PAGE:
Bringing experiential learning into your classroom in Fall 2023
Experiential learning (EL) is a high-impact pedagogy that prepares students to thrive in today’s complex world. All instructors at UM are encouraged to bring experiential learning into their courses. We chatted with Gera Villagran from UM’s Office of Experiential Learning about ways in which instructors can build experiential learning opportunities into their courses.
What is experiential learning, from a teaching point of view?
Experiential learning takes many forms and happens in many places across UM—from applied research to work-integrated learning, both inside and outside the classroom. As an approach to teaching and learning, the basic premise of experiential learning is that students learn better when they are able to interact with concepts and ideas as agents in the world. This is the opposite of what the educational theorist, Paulo Freire, called “the banking model of education.” In the banking model of education, students are seen as empty vessels in which instructors are supposed to deposit information. On the other hand, in experiential learning, the role of instructors is to design and facilitate experiences that allow students to connect their existing knowledge and skills to new concepts and ideas. Whereas the goal of the banking model of education is to accumulate and recall information, the goal of experiential learning is to foster meaningful relationships to knowledge and ideas, innovation and creativity.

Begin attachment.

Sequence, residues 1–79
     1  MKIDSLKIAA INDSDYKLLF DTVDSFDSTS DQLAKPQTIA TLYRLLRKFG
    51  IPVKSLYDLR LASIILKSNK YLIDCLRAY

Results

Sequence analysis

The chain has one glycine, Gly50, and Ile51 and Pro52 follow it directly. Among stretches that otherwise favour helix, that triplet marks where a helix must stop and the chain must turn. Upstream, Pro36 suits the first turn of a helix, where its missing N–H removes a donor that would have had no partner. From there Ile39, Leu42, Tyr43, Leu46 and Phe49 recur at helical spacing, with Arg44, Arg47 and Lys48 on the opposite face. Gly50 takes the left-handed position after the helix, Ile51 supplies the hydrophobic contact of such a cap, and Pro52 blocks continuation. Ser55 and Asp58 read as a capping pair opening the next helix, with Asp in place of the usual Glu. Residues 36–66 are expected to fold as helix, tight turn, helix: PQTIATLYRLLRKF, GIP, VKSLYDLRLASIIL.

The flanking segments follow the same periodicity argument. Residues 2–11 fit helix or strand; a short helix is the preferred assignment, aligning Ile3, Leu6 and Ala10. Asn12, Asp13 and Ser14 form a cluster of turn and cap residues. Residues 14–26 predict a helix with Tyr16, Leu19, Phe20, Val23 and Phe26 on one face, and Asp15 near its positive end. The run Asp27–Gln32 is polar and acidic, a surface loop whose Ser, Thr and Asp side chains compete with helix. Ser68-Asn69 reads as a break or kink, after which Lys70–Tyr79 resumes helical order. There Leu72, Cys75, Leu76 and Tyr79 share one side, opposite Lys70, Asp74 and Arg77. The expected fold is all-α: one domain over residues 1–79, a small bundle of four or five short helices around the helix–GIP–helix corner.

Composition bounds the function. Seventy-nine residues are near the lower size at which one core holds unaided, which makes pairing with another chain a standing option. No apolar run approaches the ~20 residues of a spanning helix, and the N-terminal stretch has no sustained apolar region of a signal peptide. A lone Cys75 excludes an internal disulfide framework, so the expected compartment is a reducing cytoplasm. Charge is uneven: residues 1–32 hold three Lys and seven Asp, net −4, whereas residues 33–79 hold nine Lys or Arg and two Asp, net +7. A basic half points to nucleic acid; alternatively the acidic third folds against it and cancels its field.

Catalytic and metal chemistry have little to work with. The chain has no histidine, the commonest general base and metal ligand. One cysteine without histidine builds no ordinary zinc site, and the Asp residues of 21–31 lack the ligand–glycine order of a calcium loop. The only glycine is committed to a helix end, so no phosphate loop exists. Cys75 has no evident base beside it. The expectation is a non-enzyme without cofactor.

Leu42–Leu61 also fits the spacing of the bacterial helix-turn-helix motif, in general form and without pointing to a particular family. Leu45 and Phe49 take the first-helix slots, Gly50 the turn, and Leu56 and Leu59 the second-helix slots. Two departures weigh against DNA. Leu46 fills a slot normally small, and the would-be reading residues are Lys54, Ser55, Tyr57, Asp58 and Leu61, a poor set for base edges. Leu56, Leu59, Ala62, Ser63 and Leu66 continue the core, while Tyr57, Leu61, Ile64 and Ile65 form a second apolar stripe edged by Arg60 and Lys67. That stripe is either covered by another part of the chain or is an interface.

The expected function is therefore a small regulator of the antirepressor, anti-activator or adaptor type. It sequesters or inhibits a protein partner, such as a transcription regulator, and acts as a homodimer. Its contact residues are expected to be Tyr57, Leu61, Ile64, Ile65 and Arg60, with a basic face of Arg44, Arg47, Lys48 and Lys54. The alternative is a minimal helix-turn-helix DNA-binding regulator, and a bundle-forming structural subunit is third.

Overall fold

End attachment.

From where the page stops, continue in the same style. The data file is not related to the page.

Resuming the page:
How can I bring EL into my classroom?
As an instructor, start by asking yourself the question: how can I avoid replicating the banking model of education? Here are some general guidelines to help you come up with your own answer:
- Prepare fewer lectures, design more experiences: engage students in games, case-scenarios, interviews, group projects and other forms of active learning.
- Connect knowledge to the real world: Bring in a guest speaker, use videos and articles from current news and events, help students see the connection between what they are learning and the things they care about.
- Build-in reflection: Think of all the information you have take in today: names, faces, dates, facts, numbers, places, etc. Our brain’s real estate is very expensive. Unless we take time to connect new information to the valuable information that already exists in our brains, it will be soon forgotten. Reflection helps us make those connections by creating meaning.
- Make sure to build-in opportunities for students to turn new information into meaningful information by engaging in reflection.
- Create opportunities for students to apply their learning: what is the point of learning anything if you don’t get the chance to do something with it? Students are more motivated to learn when they have the opportunity to apply their new knowledge and skills. Presentations, Industry projects and community engaged learning opportunities are great ways for student to apply their learning!
What resources exist for me to learn more?
There are many ways to bring the 12 different types of EL into your courses, and many opportunities to learn more and connect with other experiential learning educators at UM. For example:
- The Office of Experiential Learning hosts a monthly, lunch-hour conversation series on different topics related to EL.
- The Experiential Learning Gathering is an in-person, community-building event that takes place every academic term.
- We also host an experiential learning institute every fall and winter.
- Subscribe to the Experiential Learning Quarterly Newsletter to stay up to date on news, opportunities and events!
To learn more about EL for instructors at UM, visit the Office of Experiential Learning.